It can be enough of a challenge to get all the necessary information about your past experience, accomplishments and skillset into your resume that it’s easy to forget to pay attention to the language you are using. Since your resume is a document that drives the future of your career, it is worth taking a close-up at every word you use in it to see how effectively they will engage the reader. Using words on your resume that are more descriptive and specific to describe your job responsibilities can make all the difference in whether or not a potential employer will keep reading. Here is how to make sure your resume contains the right language and descriptive words that properly fits the value you will bring to the job:
Skip general, over-used expressions
These include terms such as “team player”, “detail-oriented” and “self-starter”. Anyone can say these things about themselves, but hiring managers want to see why and how you have come to earn such accolades. So instead give more specific accomplishments from past jobs that show your skills in action.
Never hesitate to use numbers
Nothing will better show your accomplishments than solid figures, especially ones that include dollar and percentage signs. Instead of simply stating that you increased sales at a company, go the extra mile to give the exact amount, or rough estimate of the amount.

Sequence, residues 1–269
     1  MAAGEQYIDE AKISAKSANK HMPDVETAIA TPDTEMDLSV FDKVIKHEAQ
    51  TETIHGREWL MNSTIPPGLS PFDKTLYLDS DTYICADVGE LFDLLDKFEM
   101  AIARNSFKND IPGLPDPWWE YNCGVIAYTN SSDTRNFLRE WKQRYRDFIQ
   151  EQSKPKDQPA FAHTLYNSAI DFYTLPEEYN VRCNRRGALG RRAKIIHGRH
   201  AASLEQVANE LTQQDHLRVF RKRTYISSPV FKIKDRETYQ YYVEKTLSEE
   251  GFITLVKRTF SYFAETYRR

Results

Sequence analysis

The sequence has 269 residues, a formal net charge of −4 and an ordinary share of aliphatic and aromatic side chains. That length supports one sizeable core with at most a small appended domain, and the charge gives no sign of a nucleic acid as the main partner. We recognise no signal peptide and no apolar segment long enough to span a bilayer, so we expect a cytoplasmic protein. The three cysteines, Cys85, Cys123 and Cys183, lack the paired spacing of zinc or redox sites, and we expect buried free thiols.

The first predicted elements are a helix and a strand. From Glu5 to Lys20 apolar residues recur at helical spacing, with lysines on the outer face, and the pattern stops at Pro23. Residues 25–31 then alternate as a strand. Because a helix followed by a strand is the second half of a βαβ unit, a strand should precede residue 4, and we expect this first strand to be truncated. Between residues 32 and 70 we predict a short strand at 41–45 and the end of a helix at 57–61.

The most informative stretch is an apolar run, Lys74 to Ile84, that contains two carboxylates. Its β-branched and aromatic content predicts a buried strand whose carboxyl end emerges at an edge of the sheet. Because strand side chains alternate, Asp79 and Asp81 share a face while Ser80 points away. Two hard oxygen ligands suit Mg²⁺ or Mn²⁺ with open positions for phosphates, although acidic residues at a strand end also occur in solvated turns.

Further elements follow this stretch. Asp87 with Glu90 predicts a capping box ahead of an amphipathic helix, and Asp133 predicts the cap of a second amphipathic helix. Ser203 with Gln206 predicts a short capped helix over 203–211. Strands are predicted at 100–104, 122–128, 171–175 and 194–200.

Trade dull job description verbs for more vivid resume action verbs
As a novel keeps the reader’s attention better when the descriptive words provoke more imagery and excitement, the same goes for the language on a resume. Instead of using dull, more general verbs such as “did” and “performed”, some of the attention-grabbing action verbs hiring managers like to see on resumes include “executed”, “created” and “influenced”. Also, to better describe how you carried out your responsibilities, it helps to include descriptive adverbs on your resume such as “assertively”, “effectively”, “steadily” and “thoroughly”. For more examples of resume action words, click here.
Below is an example of what would be considered a more dull description of someone’s job duties:
“Planned internal company events. Coordinated with multiple departments to fill volunteer roles.”
And below is the same description, with more action verbs and specific numbers to better show what was accomplished on the resume:
“Launched engaging internal company events to boost employee morale and brand-building. Negotiated with multiple departments to increase volunteer participation by 40%.”
Consider changing former job titles
Some of the titles used for your past positions may not properly capture your accomplishments and level of responsibility, so don’t sell yourself short. Do some research to find job titles commonly used to describe what your role entailed. This can also give your resume better keywords.
Pay close attention to your nouns as well
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